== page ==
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FORD BRONCO -> BRAKE SYSTEM; 4WABS, RABS, Self Test... -> Early Replacement of Brake Components, Rotors & Pads Due to Roughness Concerns, Ford for 82 to present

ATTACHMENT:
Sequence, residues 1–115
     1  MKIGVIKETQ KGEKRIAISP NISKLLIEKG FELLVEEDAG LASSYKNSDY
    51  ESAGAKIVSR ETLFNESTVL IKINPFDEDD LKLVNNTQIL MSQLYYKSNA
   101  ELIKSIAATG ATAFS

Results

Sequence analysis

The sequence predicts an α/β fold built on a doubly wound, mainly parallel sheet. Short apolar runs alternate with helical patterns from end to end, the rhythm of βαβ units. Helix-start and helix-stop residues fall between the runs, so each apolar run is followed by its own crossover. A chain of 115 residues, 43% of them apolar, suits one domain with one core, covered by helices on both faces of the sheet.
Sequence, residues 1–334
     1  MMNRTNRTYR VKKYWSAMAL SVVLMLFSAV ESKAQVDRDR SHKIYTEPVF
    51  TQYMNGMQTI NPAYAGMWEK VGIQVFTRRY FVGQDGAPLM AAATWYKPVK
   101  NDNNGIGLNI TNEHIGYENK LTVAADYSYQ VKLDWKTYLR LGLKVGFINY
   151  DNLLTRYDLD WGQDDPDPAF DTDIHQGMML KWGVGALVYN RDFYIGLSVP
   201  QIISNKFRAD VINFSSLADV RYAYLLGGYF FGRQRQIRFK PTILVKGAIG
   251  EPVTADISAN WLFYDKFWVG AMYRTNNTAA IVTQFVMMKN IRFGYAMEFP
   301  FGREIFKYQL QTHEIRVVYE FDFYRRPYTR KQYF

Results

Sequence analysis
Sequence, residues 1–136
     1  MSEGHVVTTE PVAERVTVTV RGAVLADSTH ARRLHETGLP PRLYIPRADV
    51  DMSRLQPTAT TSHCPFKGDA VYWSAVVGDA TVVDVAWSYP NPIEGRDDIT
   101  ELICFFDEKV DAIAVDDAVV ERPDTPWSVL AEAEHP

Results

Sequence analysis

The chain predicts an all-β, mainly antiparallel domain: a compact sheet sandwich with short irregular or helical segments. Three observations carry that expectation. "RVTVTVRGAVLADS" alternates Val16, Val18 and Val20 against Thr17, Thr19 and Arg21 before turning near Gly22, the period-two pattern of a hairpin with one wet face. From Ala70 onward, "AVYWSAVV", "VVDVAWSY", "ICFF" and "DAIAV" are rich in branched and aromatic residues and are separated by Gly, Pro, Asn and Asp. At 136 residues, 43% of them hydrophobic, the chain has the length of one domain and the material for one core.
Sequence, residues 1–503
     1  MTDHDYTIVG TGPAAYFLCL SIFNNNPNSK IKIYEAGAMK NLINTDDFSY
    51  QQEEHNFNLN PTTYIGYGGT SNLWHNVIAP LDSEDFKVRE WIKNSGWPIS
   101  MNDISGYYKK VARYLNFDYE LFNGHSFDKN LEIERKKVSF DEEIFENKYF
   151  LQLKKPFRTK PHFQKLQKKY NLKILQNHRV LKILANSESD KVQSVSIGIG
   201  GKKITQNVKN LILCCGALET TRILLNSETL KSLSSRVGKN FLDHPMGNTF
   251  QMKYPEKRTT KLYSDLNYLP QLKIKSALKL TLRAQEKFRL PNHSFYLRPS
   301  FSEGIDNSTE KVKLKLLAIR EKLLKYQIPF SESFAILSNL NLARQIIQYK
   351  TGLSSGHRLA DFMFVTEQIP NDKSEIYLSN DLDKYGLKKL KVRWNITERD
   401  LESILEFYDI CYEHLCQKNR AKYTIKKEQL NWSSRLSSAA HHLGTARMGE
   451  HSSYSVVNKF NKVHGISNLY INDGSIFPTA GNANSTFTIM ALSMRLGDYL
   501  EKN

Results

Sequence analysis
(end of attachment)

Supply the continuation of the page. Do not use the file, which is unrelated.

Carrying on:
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Early Replacement Of Brake Components, Rotors & Pads Due To Roughness; All Fords 82-Present, All Mercury 82-Present, Merkur 85-Present; "...Condition: Small changes in braking torque when the brakes are applied creating brake torque variation. *Runout of disc rotor *Rusted rotor surface *Warped rotor due to improper wheel lug nut tightening *Varied rotor thickness around the disc *Transferred patches of lining material on the rotor surface *Uneven tire wear and balance. Repair Procedure: Begin with step 1 and finish with step 6. 1. Check the Condition of the Tires and Their Balance. Sometimes the brake roughness concerns are not braking roughness at all. In fact, some complaints are due to out-of-round and out-of-balance tires or broken steel cord in the tires. The effects of these problems show up at all conditions of driving but may seem worse when braking. That fact can be used to correctly determine that the customer is not experiencing brake-caused roughness. If however, there is a brake roughness problem in addition to tire problems, then both need to be repaired. If the inspection shows that tires are contributing to roughness by vibration during all driving conditions, they should first be balanced and rotated using normal maintenance procedures then follow steps below to correct the brake roughness. 2. Check the Wheel Lug Nut Tightening Torque Uneven and/or out of specification torque on the wheel lug nuts will cause the brake rotor to warp. Up to 0.005-inch rotor runout can occur due to improper lug nut tightening. The first thing to check for is the consistency of torque of the lug nuts on each wheel. Torque readings not within 20% of each other cause brake roughness. Improper lug nut tightening can have the following effect: 1. Rotor runout 2. Rotor thickness variation 3. Brake torque variation 4. Brake roughness Ultimately, the rotor may be damaged and must be resurfaced. Follow the procedure in the Service Manual for resurfacing the rotors. Proper torque must be used when a resurfaced or new rotor is installed. Use of a torque wrench is again stressed, or as an alternative, Torque Sticks may be used. When installing a new rotor, do not machine the rotor on a bench lathe. Any surface contamination can be removed with solvent or with very light sanding. 3. Check or Rust/Contamination on Mounting Surfaces Surface rust or contamination on the wheel-to-rotor and rotor-to-hub flange surfaces should be cleaned with very light hand sanding. Use garnet paper 100A or aluminum oxide150J grit. DO NOT USE HARSH ABRASIVE TOOLS. If the cleaning is not done, it will contribute to the runout of the rotor when assembled, which will cause brake roughness later on. Ford does not approve of removal of rust on the rotor using harsh abrasive tools. The on-car turning procedure is the only sanctioned method at this time to deal with the repair of rusty rotors. Since the thickness of the rotors are manufactured to less than 0.0004 inch tolerance, using hand held tools on the rotor surface can not guarantee maintaining the tolerance. Brake roughness will occur with rotor thickness variation of 0.0008 inch or less on certain sensitive vehicles. 4. Check for Runout of the Front Rotors on the Car and Front Hub Mounts Rotor runout while rotor mounted on the car should not exceed 0.003 inch. With the wheel off, fasten the lug nuts back on to hold the rotor onto the hub. The fastening torque should not exceed 81 Nm (60 lb.-ft) and should be even. With the dial indicator attached to the spindle, slowly rotate the rotor to get the total indicated runout. This value should not exceed the Total Indicated Runout (TIR) as specified in the appropriate Service Manual. If it exceeds specifications, first index the rotor one (1) wheel stud at a time. If the readings still exceed 0.003 inch, than the hub face runout should be checked. Repeat the runout check procedure on the hub face. If the runout exceeds 0.002 inch, the hub must be replaced; otherwise the rotor must be resurfaced on the vehicle or replaced. 5. Check for Rear Brake Roughness Except for the vehicles with separate drum in disc parking brake (e. g., Crown Victoria, Grand Marquis, and Town Car) applying the parking brake can actuate the rear brakes. Attempt to slow down the vehicle from 48 km/h (30mph) with the transmission in neutral using the parking brake. If roughness is present, then the rear brakes need to be serviced. If roughness is not present, than the front brakes need servicing. To service the rear brakes follow the procedure, above for servicing the front brakes. 6. Check for Proper Caliper Operation Inspect the calipers for leaks and brake fluid contamination. Any leaks from the wheel cylinders and seals must be repaired per the Service Manual. Also, inspect for glazing of the brake pads which may indicate a seized caliper piston; frequent severe or unintentional braking by the customer. Repair as specified in the Service Manual..."
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